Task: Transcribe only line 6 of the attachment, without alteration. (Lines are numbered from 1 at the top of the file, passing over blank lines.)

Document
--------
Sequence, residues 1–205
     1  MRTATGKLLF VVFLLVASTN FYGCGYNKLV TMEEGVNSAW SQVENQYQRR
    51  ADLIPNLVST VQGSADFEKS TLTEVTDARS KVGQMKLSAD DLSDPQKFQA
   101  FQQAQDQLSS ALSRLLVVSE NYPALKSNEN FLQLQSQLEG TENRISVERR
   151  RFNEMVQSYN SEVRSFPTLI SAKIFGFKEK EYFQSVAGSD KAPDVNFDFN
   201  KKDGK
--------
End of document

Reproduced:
   201  KKDGK